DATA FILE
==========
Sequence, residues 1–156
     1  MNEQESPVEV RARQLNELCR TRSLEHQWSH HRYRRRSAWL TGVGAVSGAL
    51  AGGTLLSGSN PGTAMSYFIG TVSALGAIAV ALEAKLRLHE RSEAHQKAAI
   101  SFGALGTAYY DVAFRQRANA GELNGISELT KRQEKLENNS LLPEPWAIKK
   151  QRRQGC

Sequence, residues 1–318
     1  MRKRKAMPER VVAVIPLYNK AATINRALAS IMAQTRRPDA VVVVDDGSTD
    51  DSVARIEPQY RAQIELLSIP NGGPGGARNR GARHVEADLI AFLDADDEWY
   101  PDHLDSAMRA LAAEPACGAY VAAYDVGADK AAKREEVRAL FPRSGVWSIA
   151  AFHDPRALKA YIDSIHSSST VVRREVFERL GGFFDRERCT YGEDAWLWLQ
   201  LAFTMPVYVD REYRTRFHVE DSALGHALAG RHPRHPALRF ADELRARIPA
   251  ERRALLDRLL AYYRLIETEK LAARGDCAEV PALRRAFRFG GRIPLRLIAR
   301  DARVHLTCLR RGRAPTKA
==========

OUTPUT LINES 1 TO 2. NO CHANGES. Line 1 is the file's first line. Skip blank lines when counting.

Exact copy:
Sequence, residues 1–156
     1  MNEQESPVEV RARQLNELCR TRSLEHQWSH HRYRRRSAWL TGVGAVSGAL